Although Clark generally agrees with Hudson’s more flexible approach to the issue, he doesn’t trust every Virginia locality to act in good faith. “You do want to have some parameters and guardrails so this won’t be used as a tool to inhibit growth,” he said. “Giving such broad enabling power is kind of concerning because you don’t know what will come out on the local side. There are definitely localities that are working on cutting back sprawl, promoting density, and boosting affordability, but there are other localities where transit oriented development is still a bad word.”
The color of a crisis
As the increasingly mainstream Black Lives Matter movement has pushed once controversial issues such as police reform to the forefront of political debate, so too has it pushed often third rail topics like single-family zoning and residential segregation into public debate. “For far too long local desires were vested in maintaining white supremacy,” said Koziol. “Still today that tone is just below the surface. Affordable housing still gets lumped into the concept of public housing, and that’s layered with all kinds of racialized thoughts.”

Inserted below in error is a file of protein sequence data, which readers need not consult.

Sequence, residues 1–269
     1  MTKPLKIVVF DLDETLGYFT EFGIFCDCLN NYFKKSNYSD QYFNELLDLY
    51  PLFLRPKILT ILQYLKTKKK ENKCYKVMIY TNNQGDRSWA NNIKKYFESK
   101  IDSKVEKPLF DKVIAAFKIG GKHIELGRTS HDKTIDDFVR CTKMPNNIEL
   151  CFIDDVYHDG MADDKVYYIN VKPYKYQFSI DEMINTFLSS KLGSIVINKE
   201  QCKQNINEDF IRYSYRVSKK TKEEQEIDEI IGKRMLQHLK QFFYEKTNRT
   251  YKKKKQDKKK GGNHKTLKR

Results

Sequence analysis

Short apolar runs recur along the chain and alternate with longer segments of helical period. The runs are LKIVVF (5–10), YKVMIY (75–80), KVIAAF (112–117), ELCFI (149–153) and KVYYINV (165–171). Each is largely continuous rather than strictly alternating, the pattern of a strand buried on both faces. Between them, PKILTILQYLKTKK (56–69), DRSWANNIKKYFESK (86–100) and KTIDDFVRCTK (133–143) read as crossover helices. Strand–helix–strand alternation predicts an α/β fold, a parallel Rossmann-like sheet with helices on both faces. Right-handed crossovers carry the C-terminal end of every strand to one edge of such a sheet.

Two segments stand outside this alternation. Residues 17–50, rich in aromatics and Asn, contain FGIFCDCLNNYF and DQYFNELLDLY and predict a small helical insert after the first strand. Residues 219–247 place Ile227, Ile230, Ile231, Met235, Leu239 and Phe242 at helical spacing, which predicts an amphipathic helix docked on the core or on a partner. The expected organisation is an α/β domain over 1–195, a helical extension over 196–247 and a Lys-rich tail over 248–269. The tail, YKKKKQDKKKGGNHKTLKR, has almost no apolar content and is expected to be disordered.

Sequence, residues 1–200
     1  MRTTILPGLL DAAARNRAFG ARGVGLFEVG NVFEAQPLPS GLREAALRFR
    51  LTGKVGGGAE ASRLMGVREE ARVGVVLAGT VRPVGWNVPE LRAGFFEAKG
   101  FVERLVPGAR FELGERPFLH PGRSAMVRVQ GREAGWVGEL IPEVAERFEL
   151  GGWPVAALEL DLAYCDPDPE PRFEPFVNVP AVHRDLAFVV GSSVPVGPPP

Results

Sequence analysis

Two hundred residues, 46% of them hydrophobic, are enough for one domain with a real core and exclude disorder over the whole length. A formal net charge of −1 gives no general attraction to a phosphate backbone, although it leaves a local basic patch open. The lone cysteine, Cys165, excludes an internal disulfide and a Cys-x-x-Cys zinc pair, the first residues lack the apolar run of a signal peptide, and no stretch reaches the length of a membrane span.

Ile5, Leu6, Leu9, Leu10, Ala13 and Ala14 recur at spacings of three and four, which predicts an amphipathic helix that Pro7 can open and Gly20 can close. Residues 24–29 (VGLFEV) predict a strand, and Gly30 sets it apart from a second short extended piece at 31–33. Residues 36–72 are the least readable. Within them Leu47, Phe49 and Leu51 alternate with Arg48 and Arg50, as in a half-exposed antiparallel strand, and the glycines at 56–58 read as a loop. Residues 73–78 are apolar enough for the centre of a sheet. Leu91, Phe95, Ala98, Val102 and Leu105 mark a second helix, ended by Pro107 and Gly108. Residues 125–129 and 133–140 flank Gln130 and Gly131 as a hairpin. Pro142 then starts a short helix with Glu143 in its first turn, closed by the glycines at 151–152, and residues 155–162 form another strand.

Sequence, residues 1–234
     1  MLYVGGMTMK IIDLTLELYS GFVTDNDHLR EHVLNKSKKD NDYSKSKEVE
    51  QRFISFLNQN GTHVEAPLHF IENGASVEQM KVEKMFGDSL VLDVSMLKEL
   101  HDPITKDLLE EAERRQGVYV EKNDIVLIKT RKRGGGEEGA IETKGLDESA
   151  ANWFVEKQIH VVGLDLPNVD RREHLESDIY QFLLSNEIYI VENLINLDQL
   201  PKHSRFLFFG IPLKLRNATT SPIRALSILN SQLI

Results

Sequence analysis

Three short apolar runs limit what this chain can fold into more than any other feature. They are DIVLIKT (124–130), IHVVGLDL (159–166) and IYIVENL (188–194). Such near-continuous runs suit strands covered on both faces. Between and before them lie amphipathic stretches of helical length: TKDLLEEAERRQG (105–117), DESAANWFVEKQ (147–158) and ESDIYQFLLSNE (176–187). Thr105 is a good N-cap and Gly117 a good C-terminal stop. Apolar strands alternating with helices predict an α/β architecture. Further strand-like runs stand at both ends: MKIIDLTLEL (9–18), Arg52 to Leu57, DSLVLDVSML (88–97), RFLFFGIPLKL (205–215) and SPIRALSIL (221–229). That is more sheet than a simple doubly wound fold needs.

Rather than dodging the awkward connection between supposedly color-blind zoning and de facto segregation, a new generation of advocates are confronting the issues head on. “Housing is a racial justice issue,” said Poon. “Many neighborhoods across the state aren’t even open to affordable housing development due to the legacy of segregation, so if we can break open that box on where we place affordable housing, we can begin to build more inclusive communities.”
While such talk may have rang radical a few years ago, today even the Northam administration recognizes the vast inequities in the Commonwealth’s current housing market. “We need to address the scar of redlining on wealth inequality and disparities in homeownership for whites and people of color,” said Erik Johnston, director of the Department of Housing and Community Development. “What’s so important about housing policy is that it needs to be comprehensive. Every Virginian needs a safe, quality home to live in.”